Before the United States started wracking up medals in Rio (and before #Lochtegate was a thing!), some of the buzz at the 2016 Summer Olympics was centered around appearances. Many wondered, what are those mysterious purple circles covering the shoulders, backs and legs of so many athletes? And why is Michael Phelps Instagramming it? It turns out, there’s no cause for alarm. Those bruises are just the result of an ancient Chinese medicinal practice called cupping.
It’s pretty simple and not exactly scientifically proven to work, yet world-class athletes have embraced cupping for its pain-relieving and recovery benefits. Small glass cups are heated up and placed on the body. The skin underneath each cup is suctioned upward for a few minutes, causing capillaries to break and blood to circulate to the area. Then the body knows it’s time to get to work and start rebuilding that tissue quickly.
“The cupping actually jump-starts the body’s natural healing process. You can increase blood flow and let the body do what it does to help resolve the issue,” says Dr. Houman Danesh of Mount Sinai Hospital.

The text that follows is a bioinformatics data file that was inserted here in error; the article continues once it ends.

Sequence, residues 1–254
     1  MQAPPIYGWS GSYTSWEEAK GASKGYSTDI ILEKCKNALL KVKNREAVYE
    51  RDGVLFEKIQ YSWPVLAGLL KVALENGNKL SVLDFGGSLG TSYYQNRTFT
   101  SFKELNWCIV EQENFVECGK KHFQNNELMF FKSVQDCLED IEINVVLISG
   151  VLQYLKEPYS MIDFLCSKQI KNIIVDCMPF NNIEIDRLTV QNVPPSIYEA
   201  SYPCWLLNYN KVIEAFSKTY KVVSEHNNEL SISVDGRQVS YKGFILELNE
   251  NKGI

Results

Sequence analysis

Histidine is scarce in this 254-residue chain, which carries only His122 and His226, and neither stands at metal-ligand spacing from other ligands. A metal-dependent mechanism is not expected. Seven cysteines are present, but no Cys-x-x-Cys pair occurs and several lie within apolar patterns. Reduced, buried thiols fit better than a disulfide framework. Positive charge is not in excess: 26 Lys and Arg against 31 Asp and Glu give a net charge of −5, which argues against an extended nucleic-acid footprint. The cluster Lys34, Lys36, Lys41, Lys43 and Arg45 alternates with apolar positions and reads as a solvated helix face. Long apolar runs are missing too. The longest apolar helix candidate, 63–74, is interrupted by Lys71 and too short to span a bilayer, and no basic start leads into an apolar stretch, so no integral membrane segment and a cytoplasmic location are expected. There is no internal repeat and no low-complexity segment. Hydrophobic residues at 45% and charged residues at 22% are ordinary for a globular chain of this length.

And it’s not just your favorite gymnasts and swimmers that have become cuppers. There are physical therapy, chiropractor and acupuncture clinics around the United States that offer cupping therapy to patients, in conjunction with other treatments, to relieve chronic pain and help speed up healing. Cupping is also said to help reduce stress, improve skin conditions and even aid digestion issues.
So what do you think? Would you try it? Do you think this trend will catch on? Vote and tell us what you think — you can even submit video comments to email@example.com. We will feature the results of the poll and some of your comments on the show!
i say no because ouch that will hurt
If athletes can do it why can’t I? Cupping is so the the next big thing
I think it is cool, but if you are sore than you should get a massage It seems painful so I say no.
Cupping is a fast and easy way for athletes to releve pain.
My answer is yes and no.
I see what you mean, and I agree that it’s good for recovery, but why do it if you don’t need too?